An artificial intelligence hiring system has become a powerful gatekeeper for some of America's most prominent employers, reshaping how companies assess their workforce — and how prospective employees prove their worth.
Designed by the recruiting-technology firm HireVue, the system uses candidates' computer or cellphone cameras to analyze their facial movements, word choice and speaking voice before ranking them against other applicants based on an automatically generated "employability" score.
HireVue's "AI-driven assessments" have become so pervasive in some industries, including hospitality and finance, that universities make special efforts to train students on how to look and speak for best results. More than 100 employers now use the system, including Hilton, Unilever and Goldman Sachs, and more than a million job seekers have been analyzed.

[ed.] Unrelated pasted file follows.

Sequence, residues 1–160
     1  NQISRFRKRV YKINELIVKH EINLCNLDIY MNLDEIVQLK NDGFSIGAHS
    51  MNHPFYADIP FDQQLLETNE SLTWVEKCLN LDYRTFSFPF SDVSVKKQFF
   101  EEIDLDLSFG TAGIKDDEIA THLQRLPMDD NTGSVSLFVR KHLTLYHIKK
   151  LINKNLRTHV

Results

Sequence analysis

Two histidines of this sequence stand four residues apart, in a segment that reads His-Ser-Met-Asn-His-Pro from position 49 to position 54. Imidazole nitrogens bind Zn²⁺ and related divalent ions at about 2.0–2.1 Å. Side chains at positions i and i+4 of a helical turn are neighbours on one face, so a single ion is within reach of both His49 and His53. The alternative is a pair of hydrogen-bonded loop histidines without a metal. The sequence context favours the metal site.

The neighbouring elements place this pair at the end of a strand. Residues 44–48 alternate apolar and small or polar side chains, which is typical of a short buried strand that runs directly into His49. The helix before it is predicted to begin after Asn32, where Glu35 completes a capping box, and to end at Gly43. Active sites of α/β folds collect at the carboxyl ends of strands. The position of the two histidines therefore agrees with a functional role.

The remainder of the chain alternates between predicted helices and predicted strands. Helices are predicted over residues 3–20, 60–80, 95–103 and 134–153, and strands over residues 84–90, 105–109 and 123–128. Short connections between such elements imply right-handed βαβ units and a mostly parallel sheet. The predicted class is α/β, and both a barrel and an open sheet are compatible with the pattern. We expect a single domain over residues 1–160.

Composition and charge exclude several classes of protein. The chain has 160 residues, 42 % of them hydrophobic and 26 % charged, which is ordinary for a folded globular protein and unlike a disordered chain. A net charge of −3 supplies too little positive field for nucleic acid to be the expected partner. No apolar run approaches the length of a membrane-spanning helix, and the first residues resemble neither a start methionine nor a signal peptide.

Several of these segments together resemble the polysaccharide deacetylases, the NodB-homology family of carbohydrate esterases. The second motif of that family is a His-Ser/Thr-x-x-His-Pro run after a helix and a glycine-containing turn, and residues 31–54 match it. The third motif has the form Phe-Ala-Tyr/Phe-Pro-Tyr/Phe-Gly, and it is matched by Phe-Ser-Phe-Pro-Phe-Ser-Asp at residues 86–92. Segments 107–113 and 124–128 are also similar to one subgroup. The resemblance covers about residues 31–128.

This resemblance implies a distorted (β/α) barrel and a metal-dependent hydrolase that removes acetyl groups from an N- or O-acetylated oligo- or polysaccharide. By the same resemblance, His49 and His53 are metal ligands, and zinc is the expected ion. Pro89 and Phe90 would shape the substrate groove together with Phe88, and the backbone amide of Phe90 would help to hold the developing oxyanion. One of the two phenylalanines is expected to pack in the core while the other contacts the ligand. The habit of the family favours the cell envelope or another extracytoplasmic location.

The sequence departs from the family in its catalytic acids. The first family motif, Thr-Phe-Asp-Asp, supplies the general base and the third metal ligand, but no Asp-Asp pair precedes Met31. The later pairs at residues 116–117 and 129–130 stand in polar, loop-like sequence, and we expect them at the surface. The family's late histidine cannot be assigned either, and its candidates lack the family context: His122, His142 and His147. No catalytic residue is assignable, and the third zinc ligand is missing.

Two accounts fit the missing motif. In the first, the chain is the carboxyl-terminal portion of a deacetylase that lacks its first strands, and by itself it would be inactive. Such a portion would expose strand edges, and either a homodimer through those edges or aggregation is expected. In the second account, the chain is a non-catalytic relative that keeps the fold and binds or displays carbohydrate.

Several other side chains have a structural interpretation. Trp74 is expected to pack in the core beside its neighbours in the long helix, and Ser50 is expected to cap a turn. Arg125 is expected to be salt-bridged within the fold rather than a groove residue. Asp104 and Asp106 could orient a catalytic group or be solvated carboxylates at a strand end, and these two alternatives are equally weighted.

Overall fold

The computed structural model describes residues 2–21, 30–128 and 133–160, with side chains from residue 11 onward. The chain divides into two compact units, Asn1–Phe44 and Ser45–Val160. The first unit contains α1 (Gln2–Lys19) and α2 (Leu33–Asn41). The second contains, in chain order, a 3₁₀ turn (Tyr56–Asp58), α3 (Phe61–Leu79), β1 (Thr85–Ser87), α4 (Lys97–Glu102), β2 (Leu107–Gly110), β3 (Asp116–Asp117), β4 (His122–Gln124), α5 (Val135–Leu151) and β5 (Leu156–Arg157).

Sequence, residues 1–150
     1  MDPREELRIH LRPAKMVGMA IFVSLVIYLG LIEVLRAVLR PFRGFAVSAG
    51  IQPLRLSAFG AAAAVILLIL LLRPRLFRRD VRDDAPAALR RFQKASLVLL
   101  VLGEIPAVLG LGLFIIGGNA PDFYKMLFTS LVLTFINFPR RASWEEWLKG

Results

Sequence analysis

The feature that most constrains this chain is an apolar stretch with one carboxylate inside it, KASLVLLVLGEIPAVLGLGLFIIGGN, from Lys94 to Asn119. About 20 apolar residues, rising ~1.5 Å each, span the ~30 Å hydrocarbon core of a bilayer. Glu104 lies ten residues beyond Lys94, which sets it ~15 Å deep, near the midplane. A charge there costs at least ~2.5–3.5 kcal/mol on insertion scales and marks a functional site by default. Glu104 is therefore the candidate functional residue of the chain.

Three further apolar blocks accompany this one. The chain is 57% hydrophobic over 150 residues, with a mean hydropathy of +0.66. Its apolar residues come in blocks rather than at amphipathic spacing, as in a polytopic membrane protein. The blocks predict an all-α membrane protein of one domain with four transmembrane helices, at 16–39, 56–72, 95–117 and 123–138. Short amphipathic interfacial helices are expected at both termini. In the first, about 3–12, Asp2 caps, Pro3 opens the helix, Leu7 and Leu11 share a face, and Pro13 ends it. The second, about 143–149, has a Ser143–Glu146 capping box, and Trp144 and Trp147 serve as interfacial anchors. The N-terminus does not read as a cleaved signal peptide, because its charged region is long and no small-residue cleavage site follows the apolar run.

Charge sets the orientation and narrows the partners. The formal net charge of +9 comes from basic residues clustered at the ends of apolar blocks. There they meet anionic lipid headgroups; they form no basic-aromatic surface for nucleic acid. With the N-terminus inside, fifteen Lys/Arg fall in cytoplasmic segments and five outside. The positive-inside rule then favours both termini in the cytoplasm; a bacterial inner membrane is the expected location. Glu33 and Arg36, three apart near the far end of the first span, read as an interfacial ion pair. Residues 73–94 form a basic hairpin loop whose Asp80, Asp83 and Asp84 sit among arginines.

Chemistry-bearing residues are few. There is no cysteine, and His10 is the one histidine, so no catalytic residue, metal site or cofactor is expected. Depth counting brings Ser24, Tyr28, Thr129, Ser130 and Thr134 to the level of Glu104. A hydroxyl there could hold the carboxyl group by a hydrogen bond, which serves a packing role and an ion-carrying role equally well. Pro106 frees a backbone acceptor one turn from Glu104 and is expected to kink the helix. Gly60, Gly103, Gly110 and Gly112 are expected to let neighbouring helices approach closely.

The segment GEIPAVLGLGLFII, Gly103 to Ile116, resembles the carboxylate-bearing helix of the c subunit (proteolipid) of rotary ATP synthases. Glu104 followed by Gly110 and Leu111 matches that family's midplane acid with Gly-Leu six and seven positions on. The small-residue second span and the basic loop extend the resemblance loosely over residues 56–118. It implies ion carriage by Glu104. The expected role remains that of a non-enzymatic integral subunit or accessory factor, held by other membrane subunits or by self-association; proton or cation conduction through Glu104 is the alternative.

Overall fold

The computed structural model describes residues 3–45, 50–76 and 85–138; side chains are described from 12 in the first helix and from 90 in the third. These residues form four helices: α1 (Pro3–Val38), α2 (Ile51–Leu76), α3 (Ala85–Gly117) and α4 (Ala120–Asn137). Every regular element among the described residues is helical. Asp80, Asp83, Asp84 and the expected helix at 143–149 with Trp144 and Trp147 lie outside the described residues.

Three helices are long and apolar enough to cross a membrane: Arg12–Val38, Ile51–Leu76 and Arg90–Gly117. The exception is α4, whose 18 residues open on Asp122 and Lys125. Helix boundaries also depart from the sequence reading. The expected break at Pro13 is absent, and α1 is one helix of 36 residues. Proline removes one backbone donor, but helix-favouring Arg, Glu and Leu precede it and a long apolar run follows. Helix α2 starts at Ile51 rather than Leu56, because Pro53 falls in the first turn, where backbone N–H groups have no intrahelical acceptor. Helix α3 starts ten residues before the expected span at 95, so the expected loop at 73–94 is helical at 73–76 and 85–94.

But some AI researchers argue the system is digital snake oil — an unfounded blend of superficial measurements and arbitrary number-crunching that is not rooted in scientific fact. Analyzing a human being like this, they argue, could end up penalizing nonnative speakers, visibly nervous interviewees or anyone else who doesn't fit the model for look and speech.
From The Washington Post
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